freedom of movement and are therefore a good choice with e.g. children)
 Directionality: Omni vs. Unidirectional
a. Omnidirectional: operates equally well in all
b. (Uni)directional: receives signal more efficiently
from a single direction than from all other directions
Microphone types:
Directional microphones:
 Cardioid (heart-shaped pickup) – very useful overall
functionality; Also Hypercardioid, Supercardioid
 Shotgun (US$50-$3000 and up)
A highly-directional microphone with a narrow oval/tubular pattern and extremely
reduced pickup from the sides and rear.
 Lavalier (clip-on) ($50-350)
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A miniature microphone that is usually worn fastened to clothing somewhere near the
user's mouth. Also referred to as a lapel (or clip-on) microphone. But so-so sound. Often
used in pairs to record conversation between two speakers. Can seem invasive to speakers.
 Headset ($60 and up) - Worn with a headset
Advantages: Makes excellent quality recordings, as it follows the speaker's movements
Disadvantages: Can seem invasive for speakers.
 Eight/Figure 8 ($400 and up)- records in front and in back,
at 0 and 180 degrees
Advantages: mid-range price, unobtrusive. OK for two (groups of) speakers facing each
other and recording lectures.
Disadvantages: questionable sound quality.
 Binaural ($80 and up)
Two microphones spaced apart and angled to imitate human ears, set on a mike stand.
 Boundary (not often used for linguistics, $50 and up)
Easy to use, durable, noninvasive, good for multiple speakers (e.g. talk around a table)
Microphone accessories
filters: foam, ‘fake fur’ - use them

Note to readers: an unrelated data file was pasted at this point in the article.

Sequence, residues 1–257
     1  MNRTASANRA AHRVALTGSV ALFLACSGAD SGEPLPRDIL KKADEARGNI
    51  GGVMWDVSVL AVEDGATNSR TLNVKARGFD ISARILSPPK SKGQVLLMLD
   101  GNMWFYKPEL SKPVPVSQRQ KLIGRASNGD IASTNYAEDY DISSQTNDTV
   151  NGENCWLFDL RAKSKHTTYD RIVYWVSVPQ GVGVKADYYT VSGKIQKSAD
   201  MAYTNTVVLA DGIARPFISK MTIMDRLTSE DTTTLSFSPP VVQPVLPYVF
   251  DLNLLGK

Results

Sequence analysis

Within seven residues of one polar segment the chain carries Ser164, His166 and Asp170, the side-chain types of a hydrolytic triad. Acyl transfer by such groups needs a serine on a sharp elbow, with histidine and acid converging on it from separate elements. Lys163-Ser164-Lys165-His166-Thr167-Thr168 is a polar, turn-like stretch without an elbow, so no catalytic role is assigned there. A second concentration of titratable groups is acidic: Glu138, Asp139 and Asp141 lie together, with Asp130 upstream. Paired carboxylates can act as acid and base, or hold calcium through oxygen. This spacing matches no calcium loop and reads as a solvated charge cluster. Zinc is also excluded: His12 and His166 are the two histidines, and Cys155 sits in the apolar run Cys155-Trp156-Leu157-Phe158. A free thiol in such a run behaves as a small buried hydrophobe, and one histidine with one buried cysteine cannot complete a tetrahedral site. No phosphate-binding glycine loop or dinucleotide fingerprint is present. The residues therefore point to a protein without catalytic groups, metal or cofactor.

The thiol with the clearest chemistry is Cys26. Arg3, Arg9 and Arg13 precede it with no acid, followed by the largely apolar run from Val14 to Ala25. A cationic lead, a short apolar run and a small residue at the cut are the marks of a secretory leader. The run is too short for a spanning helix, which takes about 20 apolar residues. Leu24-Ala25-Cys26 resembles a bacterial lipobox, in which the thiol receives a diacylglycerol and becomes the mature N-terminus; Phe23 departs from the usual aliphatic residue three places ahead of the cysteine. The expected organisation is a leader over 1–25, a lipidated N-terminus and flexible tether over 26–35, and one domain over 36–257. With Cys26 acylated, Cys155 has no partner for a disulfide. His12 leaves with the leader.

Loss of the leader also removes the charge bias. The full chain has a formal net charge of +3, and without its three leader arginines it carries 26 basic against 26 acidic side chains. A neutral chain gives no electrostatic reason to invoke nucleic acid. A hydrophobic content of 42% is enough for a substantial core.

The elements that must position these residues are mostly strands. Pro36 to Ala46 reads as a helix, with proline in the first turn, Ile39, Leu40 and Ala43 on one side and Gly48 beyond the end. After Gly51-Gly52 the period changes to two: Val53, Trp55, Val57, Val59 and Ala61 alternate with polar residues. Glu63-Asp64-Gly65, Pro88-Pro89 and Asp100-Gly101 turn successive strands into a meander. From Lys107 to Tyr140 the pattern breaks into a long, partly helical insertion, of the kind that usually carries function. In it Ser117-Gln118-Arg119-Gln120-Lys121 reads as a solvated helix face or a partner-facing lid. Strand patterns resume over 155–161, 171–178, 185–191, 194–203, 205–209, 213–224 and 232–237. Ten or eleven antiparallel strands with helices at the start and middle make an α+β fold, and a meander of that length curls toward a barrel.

Grips (holders) - also essential. One with threading in the
base can be screwed onto a tripod; otherwise, use a tripod
Cables: stereo/mono, various lengths (e.g. 1 and 3 metres);
long non-XLR cables can create noise
Audio recorders
Note: recommended these days are Solid State Recorders (ii.4 below)
not recommended:
Analog Audio Recorders (sound waves converted to electical signals, which are
continuously variable)
2. Reel-to-reel (Uher, Nagra, Stellavox)
Advantages: very robust, tape can be cut to edit, long-lasting for archival purposes
Disadvantages: machines are big, heavy, and hard to obtain these days, as are RTR tapes
Comment: nearly obsolete.
not recommended:
3. Cassette tape (Mostly out of production, e.g. Sony
Walkman WMD6, Marantz CP430, Sony D5M)
Advantages: machine and tapes inexpensive, machine is often repairable in the field;
speaker communities are likely to have tape players and recordings on cassette tapes.
Disadvantages: mediocre recording results, degredation of sound after copying, poor
archiving potential.
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Comments: If you use these, get professional quality tapes; semipro models (e.g. Marantz,
Fostex, Tascam, but also even the Zoom H4) have XLR mike inputs.
Digital Audio Recorders (electronic or electromagnetic data transmitted via
a finite set of numbers, usually binary (bits))
not recommended: